Chapter 13: Conclusions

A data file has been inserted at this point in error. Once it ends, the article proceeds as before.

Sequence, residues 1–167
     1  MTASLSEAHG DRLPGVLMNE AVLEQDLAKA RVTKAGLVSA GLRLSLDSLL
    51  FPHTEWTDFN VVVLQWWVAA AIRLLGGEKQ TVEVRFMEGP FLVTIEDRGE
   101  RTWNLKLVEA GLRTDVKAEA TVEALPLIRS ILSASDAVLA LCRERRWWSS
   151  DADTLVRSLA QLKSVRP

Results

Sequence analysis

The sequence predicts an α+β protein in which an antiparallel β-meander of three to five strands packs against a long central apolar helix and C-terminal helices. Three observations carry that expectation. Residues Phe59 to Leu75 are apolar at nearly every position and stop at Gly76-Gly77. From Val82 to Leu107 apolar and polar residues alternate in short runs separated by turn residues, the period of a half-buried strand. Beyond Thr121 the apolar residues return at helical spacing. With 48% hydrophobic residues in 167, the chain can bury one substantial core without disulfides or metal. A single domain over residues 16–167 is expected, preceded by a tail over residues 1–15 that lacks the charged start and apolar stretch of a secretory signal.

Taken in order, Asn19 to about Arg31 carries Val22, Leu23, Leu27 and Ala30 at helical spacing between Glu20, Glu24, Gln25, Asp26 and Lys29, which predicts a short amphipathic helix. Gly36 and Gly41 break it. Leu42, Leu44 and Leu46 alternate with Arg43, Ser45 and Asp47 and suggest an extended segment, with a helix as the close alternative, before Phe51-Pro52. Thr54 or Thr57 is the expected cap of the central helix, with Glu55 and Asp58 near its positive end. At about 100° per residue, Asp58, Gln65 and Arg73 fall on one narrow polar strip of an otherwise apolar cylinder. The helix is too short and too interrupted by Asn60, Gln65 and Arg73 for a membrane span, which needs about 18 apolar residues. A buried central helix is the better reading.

It is not the strongest of the species that survive, nor the most intelligent, but the one most responsive to change. Charles Darwin INTRODUCTION Any discussion about innovation is ultimately about change. Although the rate, scale and scope of the change will vary depending on whether the technology involves small, iterative adjustments or poses large, transformative modifications, the challenge remains the same. Institutions need to respond and to adapt to the new circumstances. Although many institutions involved in governing a system are able to adapt to changing circumstances, inflexible institutions can block a change (for better or worse) or become increasingly irrelevant as new institutional pathways are developed to govern new circumstances. Existing institutions will end up either leading, following, or getting out of the way (either by design or by happenstance). The nature and process of making that fundamental choice about how to engage goes a long way to determining what, where, when, why, how and by whom new technologies are adapted, adopted and used, and whether that use generates social benefits. This book has attempted to illuminate the range of potential changes that could be precipitated by technological innovation in modern, industrial economies and to examine how different governing actors have engaged in controlling change in different sectors and regions. As with all social analysis, this effort has been directed to discovering a deeper understanding of how society – through the state, market and a range of civil authorities – makes choices about what it will nurture and promote and...
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